Tools Toys and Technology

About the Tools You Use and the Toys That Make Life Interesting

Tools Toys and Technology - About the Tools You Use and the Toys That Make Life Interesting

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Windows Gadgets Are a Security Risk

Microsoft is advising users of its Vista and Windows 7 operating systems to disable any gadgets you may have activated on your computer.

Gadgets are little visual tools and — well — “gadgets” that display clock faces, calendars, news feeds, weather and other information on your desktop. I have one on every one of my computers that monitors CPU usage. At least, I did until I followed Microsoft’s advice and took it off.

The problem with these little screen ditties is that they have vulnerabilities that could allow an attacker to take control of your computer. The upcoming Windows 8 will not support gadgets, plus the feature was never widely used in the first place. So rather than fix the problem, Microsoft is just recommending that you not use them. Windows 8 will be able to offer similar on-screen information on Live Tiles on the Windows 8 metro Start screen.

Vizio Enters PC Business

Vizio, noted for its flat screen TV line, has entered the computer business with new laptops and all-in-one desktop models.

These computer will enter an already very competitive market, going head-to-head with established names like HP, Dell, and Acer, not to mention Apple. But they’ve been successful in the TV marketplace, where they are know for attractive but affordable products. If that image carries over to their new PCs, I predict that they will do well.

They are going after it aggressively. Their new products sport Intel’s latest Ivy Bridge processor and start at a competitive price of $898. Vizio computers will be sold at Walmart, Amazon, Costco, Sam’s Club, and other retail outlets, as well as their own Website at vizio.com.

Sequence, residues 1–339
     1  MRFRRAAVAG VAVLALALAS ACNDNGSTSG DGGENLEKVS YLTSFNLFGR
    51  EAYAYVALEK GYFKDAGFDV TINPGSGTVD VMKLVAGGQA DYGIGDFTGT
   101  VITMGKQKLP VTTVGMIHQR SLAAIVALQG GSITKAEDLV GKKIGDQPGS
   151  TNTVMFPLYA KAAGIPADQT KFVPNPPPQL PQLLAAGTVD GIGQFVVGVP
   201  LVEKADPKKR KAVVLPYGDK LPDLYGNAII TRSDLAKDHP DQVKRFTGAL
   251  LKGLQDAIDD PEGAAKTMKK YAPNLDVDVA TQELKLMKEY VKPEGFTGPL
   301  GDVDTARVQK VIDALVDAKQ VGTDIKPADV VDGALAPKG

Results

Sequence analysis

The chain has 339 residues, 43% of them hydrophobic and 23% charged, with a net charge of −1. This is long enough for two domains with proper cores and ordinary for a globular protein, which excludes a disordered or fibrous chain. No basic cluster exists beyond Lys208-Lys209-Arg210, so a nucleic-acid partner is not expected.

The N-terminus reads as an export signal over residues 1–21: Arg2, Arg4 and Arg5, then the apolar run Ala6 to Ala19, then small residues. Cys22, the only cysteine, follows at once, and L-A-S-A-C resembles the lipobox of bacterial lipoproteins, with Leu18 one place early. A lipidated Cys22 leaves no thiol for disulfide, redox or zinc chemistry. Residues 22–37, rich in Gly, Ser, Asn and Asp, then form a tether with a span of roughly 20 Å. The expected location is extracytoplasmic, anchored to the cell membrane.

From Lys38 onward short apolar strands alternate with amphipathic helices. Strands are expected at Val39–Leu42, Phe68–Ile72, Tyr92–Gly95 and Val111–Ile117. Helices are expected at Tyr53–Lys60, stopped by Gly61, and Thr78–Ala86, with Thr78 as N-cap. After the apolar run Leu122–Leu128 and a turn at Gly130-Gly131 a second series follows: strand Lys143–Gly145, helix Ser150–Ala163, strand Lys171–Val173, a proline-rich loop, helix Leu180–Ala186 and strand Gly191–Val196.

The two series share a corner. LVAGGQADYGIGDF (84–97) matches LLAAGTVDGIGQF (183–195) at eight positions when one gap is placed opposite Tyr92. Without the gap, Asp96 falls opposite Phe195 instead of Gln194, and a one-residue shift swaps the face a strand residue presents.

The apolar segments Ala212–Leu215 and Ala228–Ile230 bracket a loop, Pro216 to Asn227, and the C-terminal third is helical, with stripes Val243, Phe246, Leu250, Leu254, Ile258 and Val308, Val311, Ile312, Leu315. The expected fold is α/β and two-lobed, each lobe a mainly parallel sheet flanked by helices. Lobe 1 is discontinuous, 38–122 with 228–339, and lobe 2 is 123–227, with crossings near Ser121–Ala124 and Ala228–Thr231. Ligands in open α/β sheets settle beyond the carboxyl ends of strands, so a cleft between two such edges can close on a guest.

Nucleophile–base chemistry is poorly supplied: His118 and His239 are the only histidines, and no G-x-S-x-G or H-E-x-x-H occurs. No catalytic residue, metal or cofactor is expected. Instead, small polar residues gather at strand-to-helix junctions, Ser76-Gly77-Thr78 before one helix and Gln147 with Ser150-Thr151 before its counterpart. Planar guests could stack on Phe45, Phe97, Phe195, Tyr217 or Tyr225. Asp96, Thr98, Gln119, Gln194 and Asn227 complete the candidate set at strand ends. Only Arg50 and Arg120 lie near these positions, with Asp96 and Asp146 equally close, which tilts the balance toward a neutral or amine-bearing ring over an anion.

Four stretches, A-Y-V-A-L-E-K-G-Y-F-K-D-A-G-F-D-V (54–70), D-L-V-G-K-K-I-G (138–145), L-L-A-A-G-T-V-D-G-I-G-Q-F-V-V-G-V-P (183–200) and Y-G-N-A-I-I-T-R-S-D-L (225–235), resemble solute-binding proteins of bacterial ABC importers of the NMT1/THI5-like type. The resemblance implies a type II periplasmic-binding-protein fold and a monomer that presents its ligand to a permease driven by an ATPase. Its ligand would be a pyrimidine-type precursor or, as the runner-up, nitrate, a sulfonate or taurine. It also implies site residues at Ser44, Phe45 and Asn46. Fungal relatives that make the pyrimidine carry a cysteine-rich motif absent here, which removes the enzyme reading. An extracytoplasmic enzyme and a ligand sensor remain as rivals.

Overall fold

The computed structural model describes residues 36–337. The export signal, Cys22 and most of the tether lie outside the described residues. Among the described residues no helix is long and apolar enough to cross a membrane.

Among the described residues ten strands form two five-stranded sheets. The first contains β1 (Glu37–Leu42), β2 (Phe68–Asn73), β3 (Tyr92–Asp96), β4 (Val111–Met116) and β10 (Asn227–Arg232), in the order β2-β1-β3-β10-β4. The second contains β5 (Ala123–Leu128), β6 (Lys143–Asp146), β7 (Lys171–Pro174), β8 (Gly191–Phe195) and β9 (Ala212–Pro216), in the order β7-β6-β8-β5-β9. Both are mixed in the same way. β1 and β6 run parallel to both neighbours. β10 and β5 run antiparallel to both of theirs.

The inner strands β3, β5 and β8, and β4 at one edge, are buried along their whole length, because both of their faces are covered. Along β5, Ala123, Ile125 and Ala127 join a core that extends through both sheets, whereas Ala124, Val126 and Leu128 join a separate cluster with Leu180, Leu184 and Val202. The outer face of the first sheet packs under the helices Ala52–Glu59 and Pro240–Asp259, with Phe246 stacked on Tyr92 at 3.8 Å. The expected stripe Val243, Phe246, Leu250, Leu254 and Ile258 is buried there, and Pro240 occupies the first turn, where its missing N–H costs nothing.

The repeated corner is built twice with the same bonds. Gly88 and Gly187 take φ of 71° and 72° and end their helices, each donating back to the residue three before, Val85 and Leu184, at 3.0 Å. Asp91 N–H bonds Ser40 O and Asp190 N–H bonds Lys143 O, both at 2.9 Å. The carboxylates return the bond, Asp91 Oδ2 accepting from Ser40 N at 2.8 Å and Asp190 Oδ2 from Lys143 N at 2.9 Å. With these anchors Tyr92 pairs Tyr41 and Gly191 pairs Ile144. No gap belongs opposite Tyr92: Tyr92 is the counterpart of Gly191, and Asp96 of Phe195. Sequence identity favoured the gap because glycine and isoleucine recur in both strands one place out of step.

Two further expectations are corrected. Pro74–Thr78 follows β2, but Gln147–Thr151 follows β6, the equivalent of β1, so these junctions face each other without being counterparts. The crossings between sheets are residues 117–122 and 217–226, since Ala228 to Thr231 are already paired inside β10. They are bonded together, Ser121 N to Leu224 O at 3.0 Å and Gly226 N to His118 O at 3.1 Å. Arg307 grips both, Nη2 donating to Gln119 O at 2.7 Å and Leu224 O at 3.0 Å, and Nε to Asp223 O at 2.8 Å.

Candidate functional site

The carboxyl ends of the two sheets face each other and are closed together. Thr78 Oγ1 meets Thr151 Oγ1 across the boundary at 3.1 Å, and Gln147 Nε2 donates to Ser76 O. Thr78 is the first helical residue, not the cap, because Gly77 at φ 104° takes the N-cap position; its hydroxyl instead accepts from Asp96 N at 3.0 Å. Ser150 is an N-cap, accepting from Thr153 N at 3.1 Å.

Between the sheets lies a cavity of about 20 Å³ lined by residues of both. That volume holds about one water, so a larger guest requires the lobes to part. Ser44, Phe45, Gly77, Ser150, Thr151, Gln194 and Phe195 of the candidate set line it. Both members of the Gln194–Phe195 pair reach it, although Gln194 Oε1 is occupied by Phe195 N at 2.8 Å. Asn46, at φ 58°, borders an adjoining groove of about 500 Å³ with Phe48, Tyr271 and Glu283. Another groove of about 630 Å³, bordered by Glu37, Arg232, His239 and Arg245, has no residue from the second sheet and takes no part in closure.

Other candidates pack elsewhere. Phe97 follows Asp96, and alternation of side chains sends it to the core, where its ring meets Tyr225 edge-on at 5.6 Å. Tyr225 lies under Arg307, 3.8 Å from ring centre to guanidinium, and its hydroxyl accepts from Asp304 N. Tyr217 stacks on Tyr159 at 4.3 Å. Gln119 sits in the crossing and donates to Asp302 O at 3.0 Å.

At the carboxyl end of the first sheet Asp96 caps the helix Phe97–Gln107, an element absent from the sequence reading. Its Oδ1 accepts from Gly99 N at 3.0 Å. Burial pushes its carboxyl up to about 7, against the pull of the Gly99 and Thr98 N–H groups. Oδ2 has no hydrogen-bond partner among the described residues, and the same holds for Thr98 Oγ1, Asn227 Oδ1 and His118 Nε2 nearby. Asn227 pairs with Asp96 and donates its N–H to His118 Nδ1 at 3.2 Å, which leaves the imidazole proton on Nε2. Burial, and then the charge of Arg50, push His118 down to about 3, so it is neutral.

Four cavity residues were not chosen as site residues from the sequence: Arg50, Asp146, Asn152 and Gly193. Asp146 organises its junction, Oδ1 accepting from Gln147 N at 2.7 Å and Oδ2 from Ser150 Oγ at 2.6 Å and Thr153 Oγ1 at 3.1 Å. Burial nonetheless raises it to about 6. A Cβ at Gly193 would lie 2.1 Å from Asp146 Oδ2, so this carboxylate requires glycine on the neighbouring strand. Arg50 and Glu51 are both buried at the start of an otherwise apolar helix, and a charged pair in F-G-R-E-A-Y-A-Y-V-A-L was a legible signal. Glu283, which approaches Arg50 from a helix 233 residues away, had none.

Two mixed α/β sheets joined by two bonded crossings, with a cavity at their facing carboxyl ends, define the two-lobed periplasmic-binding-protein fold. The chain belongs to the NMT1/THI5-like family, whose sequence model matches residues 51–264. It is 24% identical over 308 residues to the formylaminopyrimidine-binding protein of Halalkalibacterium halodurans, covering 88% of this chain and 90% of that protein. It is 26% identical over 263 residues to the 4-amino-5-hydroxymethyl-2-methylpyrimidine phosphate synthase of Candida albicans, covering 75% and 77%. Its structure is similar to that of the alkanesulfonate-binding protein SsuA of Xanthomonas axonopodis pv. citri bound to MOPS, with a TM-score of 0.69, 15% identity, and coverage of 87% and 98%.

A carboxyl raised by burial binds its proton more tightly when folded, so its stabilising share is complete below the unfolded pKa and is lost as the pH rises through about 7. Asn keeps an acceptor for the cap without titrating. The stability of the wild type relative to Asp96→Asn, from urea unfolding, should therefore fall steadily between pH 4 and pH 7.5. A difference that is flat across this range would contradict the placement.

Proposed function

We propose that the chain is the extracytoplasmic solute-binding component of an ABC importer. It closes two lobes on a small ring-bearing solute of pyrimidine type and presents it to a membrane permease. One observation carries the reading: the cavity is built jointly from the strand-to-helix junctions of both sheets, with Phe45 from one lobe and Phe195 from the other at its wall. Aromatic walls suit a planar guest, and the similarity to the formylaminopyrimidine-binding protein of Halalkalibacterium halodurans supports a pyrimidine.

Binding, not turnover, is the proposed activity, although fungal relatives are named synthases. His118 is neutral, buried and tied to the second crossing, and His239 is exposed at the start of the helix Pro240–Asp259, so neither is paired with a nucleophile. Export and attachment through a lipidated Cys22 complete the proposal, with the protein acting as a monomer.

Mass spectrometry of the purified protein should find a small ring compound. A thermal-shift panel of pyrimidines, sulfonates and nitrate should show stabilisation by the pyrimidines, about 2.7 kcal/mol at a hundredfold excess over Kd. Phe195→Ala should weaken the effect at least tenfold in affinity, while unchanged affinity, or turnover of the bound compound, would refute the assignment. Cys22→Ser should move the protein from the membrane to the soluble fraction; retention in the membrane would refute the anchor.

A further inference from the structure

Even More Tablet Rumors – This Time from Apple

From time to time, the possibility of Apple introducing a 7-inch iPad has been batted around among the pundits. Since Apple traditionally deals in the “high-priced spread” and especially since the late Apple leader, Steve Jobs, always talked smack about the small tablets, an Apple 7-inch tablet has not seemed  very likely… until now.

Things are changing.

The first serious 7-inch tablet competitor was Amazon’s Fire. Recently Google’s Nexus 7 entered the fray. That impressive product, along with the rumored pending upgrade of the Amazon Fire, are likely to spur the 7-inch market. Also Microsoft’s announced Surface tablet, while a 10-inch, not a 7-inch display, is likely to take market share from Apple’s traditional market dominance. So this would appear to be a good time for Apple to abandon its snubbing of smaller, less expensive tablets, and enter that marketplace itself.

To compete in this arena, Apple will have to at least come close to the price point of the 7-inch competitors of $200. That means there will have to be some compromises from the current iPad. Notably, the high-resolution screen of the new iPad will probably be the first casualty. How will Apple fans respond to the feature downgrade? I suspect we are going to find out soon.

Internet TV Revisited

Copyright © 2012 Richard Beaty

I’ve got some updated news on Internet TV this month. So, let’s call this issue: Internet TV Revisited.

Paid YouTube Subscriptions? It Could Happen.

YouTube has been in business for less than 8 years. It seems like a lot longer than that, doesn’t it? In that time, they’ve created a video streaming juggernaut. They currently stream over 4 billion – that’s BILLION with a “B” – videos daily. Think about it … 4 billion today, 4 billion tomorrow, 4 billion the day after that. Try to imagine the Internet band width they have to have.

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